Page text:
Kosovar techno, Sahrawi pop, and the John Dillinger blues

I finished my long-running string of contracts with World Trade Press last week: a grand total of 305 articles over the course of 10 months! Here’s a quick breakdown of what I discovered about a few national music scenes:

Equatorial Guinea: The people living under this country’s authoritarian regime continue to practice tribal music and dancing rituals like the balélé and the ibanga. Hip-hop is huge in Malabo, although I can only wonder how dissident artists feel about the president’s son, who runs the nation’s only radio station and owns a hip-hop record label. I’m guessing that it’s probably the Spanish equivalent of “whack.”

French Guiana: Slave songs and indigenous rhythms form the musical backbone of this French territory, while Caribbean musicians, including French Guianan expats, are hitting it big.

Kosovo: Oh man, do these people ever love their techno. The country’s population is the youngest in Europe, so you’d better believe there are some awesome raves in the woods outside Pristina.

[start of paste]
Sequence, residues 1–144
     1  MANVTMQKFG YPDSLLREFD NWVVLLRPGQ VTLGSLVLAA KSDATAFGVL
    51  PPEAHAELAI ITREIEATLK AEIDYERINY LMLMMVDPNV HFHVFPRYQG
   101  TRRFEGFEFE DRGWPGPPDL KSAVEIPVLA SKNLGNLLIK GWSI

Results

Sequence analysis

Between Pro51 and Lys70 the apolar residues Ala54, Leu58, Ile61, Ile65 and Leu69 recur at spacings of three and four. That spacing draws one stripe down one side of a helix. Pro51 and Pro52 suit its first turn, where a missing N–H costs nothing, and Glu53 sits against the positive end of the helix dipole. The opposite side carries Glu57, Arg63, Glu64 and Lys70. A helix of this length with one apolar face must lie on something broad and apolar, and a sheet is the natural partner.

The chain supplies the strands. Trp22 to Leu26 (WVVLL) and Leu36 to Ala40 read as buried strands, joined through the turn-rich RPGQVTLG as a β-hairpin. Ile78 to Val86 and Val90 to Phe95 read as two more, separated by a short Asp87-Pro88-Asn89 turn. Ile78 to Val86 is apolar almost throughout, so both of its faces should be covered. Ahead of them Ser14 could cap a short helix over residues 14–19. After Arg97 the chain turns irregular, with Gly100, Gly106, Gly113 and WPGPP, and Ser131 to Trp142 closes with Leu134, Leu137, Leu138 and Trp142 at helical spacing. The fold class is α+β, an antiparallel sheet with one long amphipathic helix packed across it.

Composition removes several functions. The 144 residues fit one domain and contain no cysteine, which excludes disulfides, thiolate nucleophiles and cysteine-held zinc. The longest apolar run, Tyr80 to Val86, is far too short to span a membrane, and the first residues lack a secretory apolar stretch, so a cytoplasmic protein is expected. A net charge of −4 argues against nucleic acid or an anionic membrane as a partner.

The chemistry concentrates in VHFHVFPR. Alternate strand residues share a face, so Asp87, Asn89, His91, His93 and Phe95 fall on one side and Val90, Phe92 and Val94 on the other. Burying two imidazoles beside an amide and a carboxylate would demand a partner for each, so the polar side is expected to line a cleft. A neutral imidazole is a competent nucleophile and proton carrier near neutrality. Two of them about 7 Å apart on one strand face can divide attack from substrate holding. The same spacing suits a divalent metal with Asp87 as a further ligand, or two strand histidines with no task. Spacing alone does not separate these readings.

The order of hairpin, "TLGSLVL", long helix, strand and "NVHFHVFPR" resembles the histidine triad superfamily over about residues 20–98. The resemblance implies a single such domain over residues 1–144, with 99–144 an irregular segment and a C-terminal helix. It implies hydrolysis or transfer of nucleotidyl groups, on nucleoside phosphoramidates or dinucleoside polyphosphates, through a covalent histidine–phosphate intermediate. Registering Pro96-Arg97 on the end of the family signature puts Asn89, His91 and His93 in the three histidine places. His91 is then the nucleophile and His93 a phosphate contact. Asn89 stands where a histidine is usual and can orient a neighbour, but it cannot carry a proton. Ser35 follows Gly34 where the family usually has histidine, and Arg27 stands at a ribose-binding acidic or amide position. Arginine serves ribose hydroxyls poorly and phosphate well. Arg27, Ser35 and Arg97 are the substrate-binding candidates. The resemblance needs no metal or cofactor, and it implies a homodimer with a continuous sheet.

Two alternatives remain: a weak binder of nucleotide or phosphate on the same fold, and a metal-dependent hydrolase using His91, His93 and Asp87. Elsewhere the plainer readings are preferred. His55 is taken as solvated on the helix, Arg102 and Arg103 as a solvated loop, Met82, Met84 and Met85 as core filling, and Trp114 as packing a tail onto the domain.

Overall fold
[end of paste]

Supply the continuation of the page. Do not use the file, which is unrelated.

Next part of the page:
Macau: You can find every type of music in this former Portuguese colony and global tourist hotspot, but creole music typical of the 20th century is disappearing along with the language.

Western Sahara: Sahrawi musicians are all over the Internet, thanks in part to an active independence movement. There are lots of exciting artists from this dry, dusty corner of the world, including Spanish guitarists, R&B groups, and hip-hip musicians.

Blog posts for Strategic Edge last week included an article about new facial-recognition software (with a nod to bank robber and plastic-surgery-enthusiast John Dillinger), calls for tighter regulation on cosmetic produres in the UK, and targeting skin troubles with laser therapies!

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About Alex Colgan

I am a political theory student, freelance writer, and father living in Yarmouth, N.S.
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